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In a small study involving ischemic stroke patients, those with obstructive sleep apnea (OSA), as measured by a cardiorespiratory polygraphy, had significantly higher plasma concentrations of TNF receptor 1 and 2 than did those without OSA, the investigators reported.
TORONTO—A team of German and Austrian investigators searching for a mechanism to explain the association between obstructive sleep apnea and increased risk of stroke told neurologists here at the AAN annual meeting that they have found a possible culprit: receptors to the inflammatory protein tumor necrosis factor (TNF).
Among 76 ischemic stroke patients admitted to a hospital, those with obstructive sleep apnea (OSA), as measured by a cardiorespiratory polygraphy, had significantly higher plasma concentrations of TNF receptor 1 and 2 than did those without OSA, the investigators reported.
Although the associational study offered no proof of direct causation, the researchers said they suspect that the OSA causes inflammation, which in turn raises the risk of stroke.
“According to our data, we think that this inflammation is the origin of the vessel damage that results in stroke,” said Jörg Kraus, MD, associate professor of neurology at Paracelsus Medical University in Salzburg, Austria.
The investigators, led by Rainer Dziewas, MD, of the University Hospital of Münster, Germany, measured plasma concentration of TNF-R1 and TNF-R2, as well as other biomarkers of inflammation and endothelial dysfunction: TNF-beta, soluble intercellular cell adhesion molecule, and soluble vascular cell adhesion molecule.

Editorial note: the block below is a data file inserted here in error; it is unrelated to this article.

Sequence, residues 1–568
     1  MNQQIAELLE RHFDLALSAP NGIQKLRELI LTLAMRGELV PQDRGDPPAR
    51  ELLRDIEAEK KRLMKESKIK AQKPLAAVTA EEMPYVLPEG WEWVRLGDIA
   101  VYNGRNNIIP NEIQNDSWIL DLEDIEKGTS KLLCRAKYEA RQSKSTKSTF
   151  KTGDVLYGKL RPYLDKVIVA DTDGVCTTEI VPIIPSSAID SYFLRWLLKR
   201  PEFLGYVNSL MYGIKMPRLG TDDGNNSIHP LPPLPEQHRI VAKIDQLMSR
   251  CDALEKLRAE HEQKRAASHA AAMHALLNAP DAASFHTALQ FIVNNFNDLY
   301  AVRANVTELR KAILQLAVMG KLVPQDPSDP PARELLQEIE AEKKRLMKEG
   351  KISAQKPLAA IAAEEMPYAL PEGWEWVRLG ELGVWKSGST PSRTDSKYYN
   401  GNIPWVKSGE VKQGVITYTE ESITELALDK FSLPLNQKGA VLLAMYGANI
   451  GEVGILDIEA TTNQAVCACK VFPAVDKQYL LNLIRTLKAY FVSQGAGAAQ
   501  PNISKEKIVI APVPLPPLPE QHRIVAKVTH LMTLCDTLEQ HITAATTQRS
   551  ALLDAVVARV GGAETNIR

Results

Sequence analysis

Among 76 patients who had had an ischemic stroke, they identified 37 (48.7 percent) who met a standard measure of OSA, having more than 10 apneic incidents per hour. TNF-R1 and TNF-R2 levels were significantly higher in patients with OSA than in patients without it, they found. Other biomarkers, however, showed no significant difference between the groups.
Figure. OBSTRUCTIVE SLEEP APNEA occurs when the airway is occluded due to collapse of the hypopharynx. Normally the airway remains open during sleep.Carol R. Taylor, Carol Lillis, RN, et al. Fundamentals of Nursing, The Art And Science Of Nursing Care, Sixth Edition. Philadelphia: Lippincott Williams & Wilkins 2008.
Prior studies have shown that biomarkers of inflammation, including TNF-alpha, are raised in patients with apnea. Last year, Greek researchers published a study in the journal Sleep showing that levels of TNF-alpha and other inflammatory biomarkers are significantly reduced in apnea patients after six months of treatment with continuous positive airway pressure (CPAP).
But the study presented by Dr. Kraus and Alexander Kunz, MD, a neurology resident at Paracelsus Medical University, is the first to examine the apnea-TNF link in stroke patients, said the principal investigator of last year's study in Sleep. “This scientific team moved one step further than all previous studies with TNF and apnea,” said Paschalis Steiropoulos, MD, PhD, a pulmonologist at the medical school at Democritus University of Thrace in Alexandroupolis. “I believe this is a good study and I expect to see it published.”